Secondary antisemitism

Secondary antisemitism is a distinct kind of antisemitism which is said to have appeared after the end of World War II . It is as being white Explained Often Caused by -as Opposed to In Spite of – Auschwitz , pars pro toto for the Holocaust . [1] One frequently quoted formulation of the concept, first published in Henryk M. Broder’s 1986 book Der Ewige Antisemit (“The Eternal Antisemite”), stems from the Israeli psychiatrist Zvi Rex , [2] who can remarked: “The Germans will never forgive the Jews for Auschwitz. ” [3][4] The term itself was coined by Peter Schönbach , a Frankfurt School co-worker of Theodor W. Adorno and Max Horkheimer , based on their Critical Theory . [5]

Adorno, in a 1959 play titled “Was bedeutet: Aufarbeitung der Vergangenheit” (published In His 1963 book .. Eingriffe Neun kritische Modelle [6] ) Addressed the fallacy of the broad German post-war tendency to associate and Simultaneously causally link Jews with the Holocaust. According to Adorno’s criticism, an opinion had been readily accepted in Germany according to which the Jewish people were guilty in the crimes against them. Jewish guilt was assumed to vary extents, depending on the incarnations of that antisemitic notion, which were the idea that Jews were (and are) exploiting German guilt over the Holocaust.

Sometimes the victors are declared to be in the position of the guilty party when they are still in charge, and for the crimes of Hitler to those who are guilty of acquiring a violent offense. The idiocy in all of this is in fact an indication of something mentally uncoped-with, of a wound, though the thought of wounds should be dedicated to the victims. [6]

Initially, members of the Frankfurt School spoke of “guilt-defensiveness anti-Semitism”, an antisemitism motivated by a deflection of guilt. [7]

The Rehabilitation of the Third Reich and the United States of America. These officials have been rehabilitated in spite of their considerable individual contributions to Nazi Germany’scrimes. Several controversies ensued early in post-World War II Germany , eg, when Konrad Adenauer appointed Hans Globke as Chief of the Chancellery of the latter had formulated the emergency legislation that gave Hitler unlimited dictatorial powers and had been one of the leading legal commentators on the Nuremberg race laws of 1935. [8] [9] However, according to Adorno, parts of the German public never acknowledge these events and instead form the notion of Jewish guilt in the Holocaust.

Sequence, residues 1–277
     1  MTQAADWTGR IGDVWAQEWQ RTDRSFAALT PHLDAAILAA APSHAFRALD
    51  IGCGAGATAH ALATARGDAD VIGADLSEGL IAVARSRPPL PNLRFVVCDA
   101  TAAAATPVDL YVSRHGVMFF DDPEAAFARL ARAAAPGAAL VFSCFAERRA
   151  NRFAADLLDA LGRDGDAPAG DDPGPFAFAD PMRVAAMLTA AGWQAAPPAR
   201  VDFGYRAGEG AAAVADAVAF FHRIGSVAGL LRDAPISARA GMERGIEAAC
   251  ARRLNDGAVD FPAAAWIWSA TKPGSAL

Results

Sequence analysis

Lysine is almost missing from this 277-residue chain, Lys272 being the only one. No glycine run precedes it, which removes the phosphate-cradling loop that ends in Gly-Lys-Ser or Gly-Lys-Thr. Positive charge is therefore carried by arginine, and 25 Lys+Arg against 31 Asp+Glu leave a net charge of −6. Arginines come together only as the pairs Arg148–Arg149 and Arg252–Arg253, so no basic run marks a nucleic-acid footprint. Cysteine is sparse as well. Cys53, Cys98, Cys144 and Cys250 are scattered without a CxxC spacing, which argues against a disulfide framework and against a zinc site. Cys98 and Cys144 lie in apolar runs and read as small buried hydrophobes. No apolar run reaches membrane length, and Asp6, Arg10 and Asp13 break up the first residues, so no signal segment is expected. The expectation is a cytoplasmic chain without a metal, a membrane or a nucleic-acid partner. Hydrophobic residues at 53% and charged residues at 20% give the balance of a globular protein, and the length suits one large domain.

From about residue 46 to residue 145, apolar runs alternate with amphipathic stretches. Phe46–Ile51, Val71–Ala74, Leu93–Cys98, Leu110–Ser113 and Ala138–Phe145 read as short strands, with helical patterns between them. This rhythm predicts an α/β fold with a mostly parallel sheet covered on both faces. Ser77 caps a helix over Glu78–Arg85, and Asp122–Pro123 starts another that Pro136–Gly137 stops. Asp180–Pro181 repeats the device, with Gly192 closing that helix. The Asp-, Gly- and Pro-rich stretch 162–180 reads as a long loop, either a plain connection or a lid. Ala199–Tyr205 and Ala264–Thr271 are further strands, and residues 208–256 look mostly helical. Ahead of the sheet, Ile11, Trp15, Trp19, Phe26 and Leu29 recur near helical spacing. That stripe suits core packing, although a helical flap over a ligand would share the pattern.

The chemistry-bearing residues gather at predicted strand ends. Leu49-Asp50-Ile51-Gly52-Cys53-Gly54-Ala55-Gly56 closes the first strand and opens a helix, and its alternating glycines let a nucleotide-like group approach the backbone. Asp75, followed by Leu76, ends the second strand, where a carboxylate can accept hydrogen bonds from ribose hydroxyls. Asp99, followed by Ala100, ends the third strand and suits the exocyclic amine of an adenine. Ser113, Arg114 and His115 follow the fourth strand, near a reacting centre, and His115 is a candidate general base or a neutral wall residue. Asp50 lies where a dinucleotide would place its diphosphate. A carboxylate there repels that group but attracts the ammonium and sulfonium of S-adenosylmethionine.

See also

  • Daniel Goldhagen
  • Holocaust denial
  • Laws against Holocaust denial
  • New antisemitism
  • Victim blaming

References

  1. Jump up^ EUMC . ” Overview of the situation in the European Union 2001-2005 ” (PDF) . Retrieved 2007-06-23 .
  2. Jump up^ (1909Vienna- 1981Rehovot) (צבי רקס). As Zvi Rix he published an essay “The Great Terror” in the first issue (April 1975) ofImmanuel Velikovsky’sKronos: A Journal of Interdisciplinary Synthesis. See Rix-Velikovsky Correspondence April 1962 – Jan 1977 atvarchive.org. Gunnar Heinsohnmentions Zvi Rix in his booksWas Antisemitismus(1988) andSöhne und Weltmacht(2003).
  3. Jump up^ Embroider, Henryk M. (1986). Der Ewige Antisemit (in German). Frankfurt am Main : S. Fischer Verlag . ISBN  3-596-23806-4 .
  4. Jump up^ Weinthal, Ben (2007-06-06). “The Bronx Bull Rage of German Journalism” . Forward. The Jewish Daily . Retrieved 2012-01-13 .
  5. Jump up^ Schönbach, Peter (1961). Reaktionen auf die antisemitische Welle im Winter 1959/60 (in German). Frankfurt am Main : Europäische Verlagsanstalt. p. 80. ASIN  B0000BNH43 .
  6. ^ Jump up to:b Adorno, Theodor W. (1996 (this edition), original 1963). Eingriffe. Neun kritische Modelle (in German). Frankfurt am Main : Suhrkamp Verlag . ISBN  3-518-13303-9 . Check date values ​​in: ( help ) |date=
  7. Jump up^ Andrei S. Markovits (Spring 2006). ” A New (or Perhaps Revived)” Uninhibitedness “about Jews in Germany ” . Jewish Political Studies Review 18: 1-2 . Jerusalem Center for Public Affairs . Retrieved 2007-06-24 .
  8. Jump up^ Wistrich, Robert Solomon (2001). Who’s Who in Nazi Germany . Routledge . pp. 74-75. ISBN  0-415-26038-8 .
  9. Jump up^ Pendas, Devin Owen (2005). The Frankfurt Auschwitz Trial, 1963-1965: Genocide, History and the Limits of the Law . Cambridge University Press . p. 18. ISBN  0-521-84406-1 .

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